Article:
10. HYENAS ARE DIFFICULT TO TAME.

Historians theorized that ancient Egyptians domesticated striped hyenas and used them as a food source. In ancient hieroglyphics, hyenas are often depicted in subordinate positions, being hunted and tamed. But in a 2010 paper published in the International Journal of Osteoarchaeology, A. J. Legge surmises that this was all just Egyptian pomp. Because the striped hyena lives off of carrion, they would make for a terrible meal (what with all that trichinosis). Legge concludes that while hyenas may have been tamed for a period, it didn’t last long.

11. MOST OF THE MYTHS SURROUNDING HYENAS ARE JUST THAT.

Sordid myths and legends about hyenas abound. In Tanzania and India, legend holds that witches ride hyenas. An Ethiopian folk religion tells of people who possess the evil eye and can change themselves into the creatures. In the Middle Ages, hyenas were believed to dig up and consume the bodies of the dead. (It’s worth noting that they do nothing of the sort.)

12. HEMINGWAY HATED HYENAS.

Given their reputations as scavengers—and their creepy laughs—it makes sense that plenty of people don’t like hyenas. In Green Hills of Africa, Ernest Hemingway wrote:

Fisi, the hyena, hermaphroditic self-eating devourer of the dead, trailer of calving cows, ham-stringer, potential biter-off of your face at night while you slept, sad yowler, camp-follower, stinking, foul, with jaws that crack the bones the lion leaves, belly dragging, loping away on the brown plain …

Hemingway: 1, Hyenas: 0.

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Big Questions
Why Do Cats 'Blep'?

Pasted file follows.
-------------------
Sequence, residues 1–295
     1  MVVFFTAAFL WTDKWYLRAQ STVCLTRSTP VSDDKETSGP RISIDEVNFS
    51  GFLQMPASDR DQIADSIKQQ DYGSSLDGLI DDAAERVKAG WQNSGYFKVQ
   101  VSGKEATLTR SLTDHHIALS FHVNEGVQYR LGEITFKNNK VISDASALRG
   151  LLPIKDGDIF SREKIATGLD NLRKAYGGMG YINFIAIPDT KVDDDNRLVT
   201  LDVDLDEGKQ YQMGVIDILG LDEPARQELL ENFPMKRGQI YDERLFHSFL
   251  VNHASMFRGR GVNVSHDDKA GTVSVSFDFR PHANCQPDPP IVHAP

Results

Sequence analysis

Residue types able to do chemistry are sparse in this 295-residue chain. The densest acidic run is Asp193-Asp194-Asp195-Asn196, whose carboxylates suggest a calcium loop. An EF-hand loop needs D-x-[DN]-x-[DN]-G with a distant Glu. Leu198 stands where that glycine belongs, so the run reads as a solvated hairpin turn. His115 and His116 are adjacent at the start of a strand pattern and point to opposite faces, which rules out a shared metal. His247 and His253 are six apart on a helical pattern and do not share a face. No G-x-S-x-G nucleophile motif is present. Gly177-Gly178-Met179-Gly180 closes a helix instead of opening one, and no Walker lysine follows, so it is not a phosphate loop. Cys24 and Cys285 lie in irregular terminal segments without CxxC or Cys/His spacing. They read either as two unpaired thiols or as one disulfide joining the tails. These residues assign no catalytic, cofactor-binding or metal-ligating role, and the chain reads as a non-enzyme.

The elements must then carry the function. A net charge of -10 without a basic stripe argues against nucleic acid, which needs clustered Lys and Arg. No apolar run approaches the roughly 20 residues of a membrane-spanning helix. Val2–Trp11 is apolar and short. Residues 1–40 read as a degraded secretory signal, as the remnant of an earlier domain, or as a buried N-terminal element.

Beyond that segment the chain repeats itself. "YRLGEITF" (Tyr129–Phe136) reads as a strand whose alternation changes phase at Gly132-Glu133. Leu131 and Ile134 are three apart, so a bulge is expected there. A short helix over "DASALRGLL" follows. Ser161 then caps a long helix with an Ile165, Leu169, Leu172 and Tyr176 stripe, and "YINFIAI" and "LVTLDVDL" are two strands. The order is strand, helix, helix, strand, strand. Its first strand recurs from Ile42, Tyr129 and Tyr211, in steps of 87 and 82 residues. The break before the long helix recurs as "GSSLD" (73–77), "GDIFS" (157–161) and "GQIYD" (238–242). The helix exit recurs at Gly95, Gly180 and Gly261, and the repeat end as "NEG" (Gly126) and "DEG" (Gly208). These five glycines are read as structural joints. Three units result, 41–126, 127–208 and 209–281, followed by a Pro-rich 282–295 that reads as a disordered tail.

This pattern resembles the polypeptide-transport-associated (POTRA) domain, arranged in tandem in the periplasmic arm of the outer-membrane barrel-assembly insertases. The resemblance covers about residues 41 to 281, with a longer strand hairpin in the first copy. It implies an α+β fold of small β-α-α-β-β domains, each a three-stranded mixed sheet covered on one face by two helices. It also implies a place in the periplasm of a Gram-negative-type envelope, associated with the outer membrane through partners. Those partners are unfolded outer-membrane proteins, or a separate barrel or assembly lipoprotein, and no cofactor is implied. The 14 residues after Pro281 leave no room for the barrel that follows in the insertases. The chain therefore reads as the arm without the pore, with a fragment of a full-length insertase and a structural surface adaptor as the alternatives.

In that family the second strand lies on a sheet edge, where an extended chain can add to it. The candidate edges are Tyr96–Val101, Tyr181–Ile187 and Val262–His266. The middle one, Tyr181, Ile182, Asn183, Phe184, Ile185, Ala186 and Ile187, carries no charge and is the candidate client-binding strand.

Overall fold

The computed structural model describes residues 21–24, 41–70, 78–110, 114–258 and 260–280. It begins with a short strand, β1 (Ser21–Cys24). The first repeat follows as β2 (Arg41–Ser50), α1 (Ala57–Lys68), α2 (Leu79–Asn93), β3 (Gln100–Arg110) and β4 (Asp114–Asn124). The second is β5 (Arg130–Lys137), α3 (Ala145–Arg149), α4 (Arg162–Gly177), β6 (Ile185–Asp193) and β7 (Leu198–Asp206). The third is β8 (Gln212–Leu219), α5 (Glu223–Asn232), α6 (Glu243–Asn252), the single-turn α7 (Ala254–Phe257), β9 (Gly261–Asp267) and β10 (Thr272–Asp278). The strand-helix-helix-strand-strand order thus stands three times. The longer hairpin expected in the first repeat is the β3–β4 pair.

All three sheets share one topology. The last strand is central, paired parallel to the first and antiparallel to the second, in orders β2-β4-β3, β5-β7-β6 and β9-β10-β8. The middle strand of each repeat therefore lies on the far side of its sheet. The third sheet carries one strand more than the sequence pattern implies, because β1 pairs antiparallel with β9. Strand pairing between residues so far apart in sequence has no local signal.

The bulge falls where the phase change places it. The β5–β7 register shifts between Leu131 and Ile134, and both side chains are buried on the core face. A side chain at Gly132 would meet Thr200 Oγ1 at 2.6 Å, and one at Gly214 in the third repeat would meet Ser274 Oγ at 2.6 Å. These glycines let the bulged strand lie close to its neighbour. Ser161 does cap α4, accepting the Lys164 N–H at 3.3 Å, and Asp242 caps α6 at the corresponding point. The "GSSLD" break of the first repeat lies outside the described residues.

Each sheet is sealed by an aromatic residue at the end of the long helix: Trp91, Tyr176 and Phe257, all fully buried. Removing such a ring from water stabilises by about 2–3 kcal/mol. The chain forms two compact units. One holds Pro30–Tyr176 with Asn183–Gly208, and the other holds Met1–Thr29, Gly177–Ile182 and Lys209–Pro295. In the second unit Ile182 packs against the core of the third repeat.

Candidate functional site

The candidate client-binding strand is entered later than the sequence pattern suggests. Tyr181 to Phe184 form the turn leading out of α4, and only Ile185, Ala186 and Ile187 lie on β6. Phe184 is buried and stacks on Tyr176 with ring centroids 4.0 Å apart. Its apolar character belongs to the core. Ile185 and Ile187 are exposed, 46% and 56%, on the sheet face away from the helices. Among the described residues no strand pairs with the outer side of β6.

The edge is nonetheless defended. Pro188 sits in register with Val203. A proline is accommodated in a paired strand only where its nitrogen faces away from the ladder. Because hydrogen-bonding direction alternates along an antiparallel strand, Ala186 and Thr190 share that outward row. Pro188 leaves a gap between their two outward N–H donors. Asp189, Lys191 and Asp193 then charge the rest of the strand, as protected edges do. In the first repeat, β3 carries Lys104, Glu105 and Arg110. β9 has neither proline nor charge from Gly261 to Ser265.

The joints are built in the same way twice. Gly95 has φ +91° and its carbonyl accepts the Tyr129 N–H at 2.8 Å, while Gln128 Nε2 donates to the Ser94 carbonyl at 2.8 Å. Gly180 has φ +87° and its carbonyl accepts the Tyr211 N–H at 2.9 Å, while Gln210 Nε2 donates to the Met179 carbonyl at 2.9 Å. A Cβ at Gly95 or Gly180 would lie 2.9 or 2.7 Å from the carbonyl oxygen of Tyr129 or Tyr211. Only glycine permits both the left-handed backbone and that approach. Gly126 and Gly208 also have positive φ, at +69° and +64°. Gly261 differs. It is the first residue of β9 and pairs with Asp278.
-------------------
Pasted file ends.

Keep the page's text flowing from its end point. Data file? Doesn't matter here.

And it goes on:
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As pet owners are well aware, cats are inscrutable creatures. They hiss at bare walls. They invite petting and then answer with scratching ingratitude. Their eyes are wandering globes of murky motivations.

Sometimes, you may catch your cat staring off into the abyss with his or her tongue lolling out of their mouth. This cartoonish expression, which is atypical of a cat’s normally regal air, has been identified as a “blep” by internet cat photo connoisseurs. An example:

Cunning as they are, cats probably don’t have the self-awareness to realize how charming this is. So why do cats really blep?

In a piece for Inverse, cat consultant Amy Shojai expressed the belief that a blep could be associated with the Flehmen response, which describes the act of a cat “smelling” their environment with their tongue. As a cat pants with his or her mouth open, pheromones are collected and passed along to the vomeronasal organ on the roof of their mouth. This typically happens when cats want to learn more about other cats or intriguing scents, like your dirty socks.

While the Flehmen response might precede a blep, it is not precisely a blep. That involves the cat’s mouth being closed while the tongue hangs out listlessly.

Ingrid Johnson, a certified cat behavior consultant through the International Association of Animal Behavior Consultants and the owner of Fundamentally Feline, tells Mental Floss that cat bleps may have several other plausible explanations. “It’s likely they don’t feel it or even realize they’re doing it,” she says. “One reason for that might be that they’re on medication that causes relaxation. Something for anxiety or stress or a muscle relaxer would do it.”

A photo of a cat sticking its tongue out